SeaGuardian’s multi-domain capabilities allows it to flex from mission to mission and pass real-time sensor data directly to the Fleet through Link 16 and satellite feeds to the shore-based command and intelligence centers. During RIMPAC, the MQ-9B has effectively passed ISR&T information to various surface and air units, such as the USS ABRAHAM LINCOLN, Guided Missile Destroyers, Littoral Combat Ships, frigates, patrol boats, P-8s, P-3s and a litany of other U.S. and foreign units taking part in the exercise.
25 Jul 22. Pentagon reviews removing Morocco as host of largest military exercise in Africa. The Defense Department is looking at alternative locations for the largest military exercise in Africa amid Senate pressure to bump Morocco from its position as an annual host for the drills.
Sen. James Inhofe, R-Okla., the ranking member of the Armed Services Committee, has led the charge against having Morocco host the African Lion exercise to push back against its control of the disputed Western Sahara.
“For more than five decades, the Sahrawi people have been subjected to repeated broken promises and vicious attacks by the Moroccan government,” Inhofe said last week at a confirmation hearing for the nominees to lead Africa Command and Special Operations Command.
“I have pushed [the Defense Department] to look at alternative locations for the annual African Lion military exercise that’s been hosted in Morocco previously,” Inhofe added. “I’m pleased that [Defense Secretary Lloyd Austin] is in agreement with me on this issue.”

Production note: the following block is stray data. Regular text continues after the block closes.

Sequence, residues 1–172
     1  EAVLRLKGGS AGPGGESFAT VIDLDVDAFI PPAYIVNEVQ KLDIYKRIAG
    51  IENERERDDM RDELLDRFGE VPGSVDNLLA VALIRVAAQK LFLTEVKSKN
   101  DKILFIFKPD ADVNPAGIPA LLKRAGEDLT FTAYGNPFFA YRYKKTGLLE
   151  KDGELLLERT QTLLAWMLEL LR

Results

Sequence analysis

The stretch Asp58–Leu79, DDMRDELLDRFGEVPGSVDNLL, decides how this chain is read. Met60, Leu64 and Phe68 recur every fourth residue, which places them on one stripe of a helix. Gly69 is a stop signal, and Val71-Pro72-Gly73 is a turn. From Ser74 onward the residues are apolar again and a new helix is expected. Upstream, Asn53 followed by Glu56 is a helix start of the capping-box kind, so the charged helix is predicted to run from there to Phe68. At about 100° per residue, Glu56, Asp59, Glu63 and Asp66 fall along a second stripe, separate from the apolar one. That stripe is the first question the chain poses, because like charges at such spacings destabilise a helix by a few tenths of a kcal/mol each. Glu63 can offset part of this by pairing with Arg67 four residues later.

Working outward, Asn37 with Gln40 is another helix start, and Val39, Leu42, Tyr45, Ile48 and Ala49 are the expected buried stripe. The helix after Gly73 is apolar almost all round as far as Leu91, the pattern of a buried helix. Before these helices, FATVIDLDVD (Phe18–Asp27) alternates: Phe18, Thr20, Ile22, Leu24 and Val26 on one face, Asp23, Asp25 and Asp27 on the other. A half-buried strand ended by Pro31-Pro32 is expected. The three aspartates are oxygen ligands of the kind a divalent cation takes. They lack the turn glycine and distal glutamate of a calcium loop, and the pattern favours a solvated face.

Inhofe’s office told Defense News he secured a commitment from Austin in a private meeting to look at alternative locations for the annual exercise, which the United States and 10 partner countries conduct jointly in Morocco, Tunisia, Senegal and Ghana.
The report accompanying the Senate’s version of the Fiscal 2023 National Defense Authorization Act also directs Austin to “develop a plan to rotate the hosting arrangements and locations” of all multilateral exercises, including African Lion, within AFRICOM’s purview and submit a report by December.
Lt. Gen. Michael Langley and Lt. Gen. Bryan Fenton, the nominees to head AFRICOM and SOCOM respectively, told Inhofe during their confirmation hearing they agreed with finding alternative locations for the African Lion exercises.